Diplomatic efforts since the June meeting have failed to moderate Iran’s provocative behavior. A July 29 meeting between the European governments and Tehran failed to persuade Iran to stop its centrifuge activity. According to a European diplomat, Iran had agreed in October to an unwritten “understanding” to eventually dismantle its nuclear fuel facilities in return for a guaranteed external fuel supply. However, Iranian officials continue to insist that they will not accept such an arrangement, although Zarif indicated that Iran wished to “address the legitimate concerns” of the United States and the Europeans regarding its nuclear program.
A State Department official interviewed Aug. 17 said Washington believes that the European governments’ diplomacy “has run its course” and that more pressure needs to be applied to Tehran. The June resolution did not set a deadline for Tehran to cooperate or mandate any consequences to be imposed if it did not.
Undersecretary of State for Arms Control and International Security John Bolton conveyed a sense of urgency regarding Iran’s nuclear program to a Hudson Institute audience Aug. 17, asserting that, “[i]f we permit Iran’s deception to go on much longer...Iran will have nuclear weapons.” He added that Iran told its European interlocutors in July that it could “enrich enough uranium for nuclear weapons within a year.” Bolton told Reuters two days later that Iran further claimed “it could possess nuclear weapons within three years.” But foreign diplomats familiar with the meeting contradicted these reports.
Bolton also alluded to recent press reports suggesting that Iran is acquiring additional materials with possible nuclear weapons applications (see sidebar).
The current estimate for when Iran might acquire nuclear weapons is unclear. A February 2003 Defense Intelligence Agency estimate says Iran will have a nuclear bomb by 2010 if it acquires the necessary technology and fissile material. Israeli intelligence estimates that Iran will be able to develop a nuclear weapon by 2007, according to July press reports.
The Bush administration has not yet decided whether to try and persuade the board to find Iran in noncompliance with its safeguards agreement at the September meeting. Such a finding requires the board to refer the matter to the UN Security Council, which may then take measures, including economic sanctions, against Tehran. The United States failed to persuade the board to adopt such a stance in a November 2003 resolution and has not attempted to do so since.
The official acknowledged that the tone of ElBaradei’s report will play a large factor in determining whether Washington will be able to get a noncompliance finding. “We have our work cut out for us,” the official said, adding that the European governments are still deciding on their position.
Kharazi said on state television that Iran wants the board to resolve the issues concerning its nuclear program at the upcoming meeting, Agence France Presse reported Aug. 19. Zarif said that Iran may not follow through on its commitment to ratify the additional protocol if the matter is referred to the Security Council.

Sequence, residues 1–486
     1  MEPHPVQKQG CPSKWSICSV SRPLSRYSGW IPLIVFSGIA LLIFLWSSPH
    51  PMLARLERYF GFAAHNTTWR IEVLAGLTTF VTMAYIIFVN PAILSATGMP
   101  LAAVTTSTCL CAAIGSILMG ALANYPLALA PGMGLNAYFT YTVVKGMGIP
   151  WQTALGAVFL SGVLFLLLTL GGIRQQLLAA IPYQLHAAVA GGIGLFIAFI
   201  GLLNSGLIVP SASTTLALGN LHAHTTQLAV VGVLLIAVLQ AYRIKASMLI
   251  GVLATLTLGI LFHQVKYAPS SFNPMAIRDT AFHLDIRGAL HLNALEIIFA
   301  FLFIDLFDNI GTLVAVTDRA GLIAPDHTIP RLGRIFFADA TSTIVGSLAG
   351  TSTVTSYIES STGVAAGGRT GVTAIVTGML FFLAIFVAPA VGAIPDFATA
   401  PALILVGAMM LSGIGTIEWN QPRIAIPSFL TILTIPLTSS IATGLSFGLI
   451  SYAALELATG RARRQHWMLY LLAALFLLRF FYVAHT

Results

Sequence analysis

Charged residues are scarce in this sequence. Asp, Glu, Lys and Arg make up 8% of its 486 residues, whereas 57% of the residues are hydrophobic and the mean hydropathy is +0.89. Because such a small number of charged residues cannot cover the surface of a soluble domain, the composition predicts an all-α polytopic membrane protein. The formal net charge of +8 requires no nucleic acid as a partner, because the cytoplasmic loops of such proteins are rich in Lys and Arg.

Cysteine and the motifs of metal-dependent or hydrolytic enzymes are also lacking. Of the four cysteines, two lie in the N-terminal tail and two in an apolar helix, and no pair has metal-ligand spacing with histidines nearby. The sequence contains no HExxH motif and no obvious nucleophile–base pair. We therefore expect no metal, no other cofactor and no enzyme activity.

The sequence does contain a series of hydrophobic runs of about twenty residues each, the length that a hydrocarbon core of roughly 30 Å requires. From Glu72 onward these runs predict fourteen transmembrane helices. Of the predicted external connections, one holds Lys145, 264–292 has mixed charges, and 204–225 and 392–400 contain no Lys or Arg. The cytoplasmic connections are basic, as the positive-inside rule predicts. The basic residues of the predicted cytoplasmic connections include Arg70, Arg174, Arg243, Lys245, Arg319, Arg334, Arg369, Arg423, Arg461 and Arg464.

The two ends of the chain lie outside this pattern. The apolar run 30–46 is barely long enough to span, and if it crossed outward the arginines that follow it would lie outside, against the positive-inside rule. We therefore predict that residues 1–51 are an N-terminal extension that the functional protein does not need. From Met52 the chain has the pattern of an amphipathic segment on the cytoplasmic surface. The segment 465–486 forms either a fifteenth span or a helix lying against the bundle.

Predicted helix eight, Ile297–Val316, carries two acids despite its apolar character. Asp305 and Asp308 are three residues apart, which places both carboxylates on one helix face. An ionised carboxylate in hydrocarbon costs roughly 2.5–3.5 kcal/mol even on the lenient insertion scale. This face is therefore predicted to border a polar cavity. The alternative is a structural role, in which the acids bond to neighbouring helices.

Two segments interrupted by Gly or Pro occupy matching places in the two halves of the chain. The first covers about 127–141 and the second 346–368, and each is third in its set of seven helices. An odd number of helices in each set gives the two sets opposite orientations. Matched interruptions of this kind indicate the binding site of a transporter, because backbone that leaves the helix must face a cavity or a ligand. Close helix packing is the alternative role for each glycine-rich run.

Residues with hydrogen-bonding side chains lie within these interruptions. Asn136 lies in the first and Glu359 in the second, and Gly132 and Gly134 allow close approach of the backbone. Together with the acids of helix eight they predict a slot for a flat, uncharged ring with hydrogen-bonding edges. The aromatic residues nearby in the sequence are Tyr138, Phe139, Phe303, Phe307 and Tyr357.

Meanwhile, Assadollah Sabouri, deputy head of the Iranian Atomic Energy Organization, announced Aug. 22 that Iran’s nuclear reactor under construction near the city of Bushehr will not begin operating until 2006, Agence France Presse reported. This marked yet another delay from its scheduled 2003 beginning date.
Sabouri also stated that Iran will begin using domestically produced nuclear fuel for its reactors after a 10-year fuel-supply agreement with Russia ends. Moscow is building the reactor and has agreed to supply fuel for it. Russia promised the United States that it would take back the reactor’s spent fuel to prevent Iran from extracting plutonium from it. The agreement is not yet concluded, and Russia has refused to send nuclear fuel to Iran until it is.
The announcement that Iran eventually plans to provide its own fuel for the Bushehr reactor could exacerbate U.S. concerns. Bolton stated Aug. 17 that the reactor “would produce enough plutonium each year for about 30 nuclear weapons.”
Along with plutonium, highly enriched uranium (HEU) is one of two key materials that can be used as the explosive material in nuclear weapons. For two years, the International Atomic Energy Agency (IAEA) has been probing Iran’s covert use of uranium enrichment technologies to determine whether Tehran has a secret program to build nuclear weapons in violation of the nuclear Nonproliferation Treaty (NPT).
Step 1 Mine and process uranium
Step 2 Convert uranium oxide into uranium hexafluoride for enrichment
Step 3 Enrich Uranium
Gas Centrifuges: Precision rotors containing uranium hexafluoride gas spin at very high speeds. Heavier isotopes concentrate toward the wall of the rotor, where they can be removed.
Laser Enrichment: Laser-based enrichment technologies utilize small differences in light frequencies to ionize lighter uranium-235 from heavier uranium-238. The weapons-grade atoms are then collected on a negatively charged plate.
Step 4 Bomb design and development, computer simulation, and non-nuclear high-explosive testing
Step 5 Fabricate highly enriched uranium into a bomb core or “pit,” and assemble the weapon
Possible Step Nuclear testing.*
* HEU can be used to make two fundamentally different types of weapons: gun-type weapons and implosion weapons. Gun-type weapons (such as the “Little Boy” bomb used in the 1945 attack on Hiroshima, Japan ) require more HEU, but are far simpler to design and build. Such weapons require neither a neutron trigger, nor high-explosive testing or assemblies. These weapons also allow manufacturers very high confidence that the devices will explode, even without testing. Implosion weapons use one-third as much HEU (or less), but are much more difficult to design and build.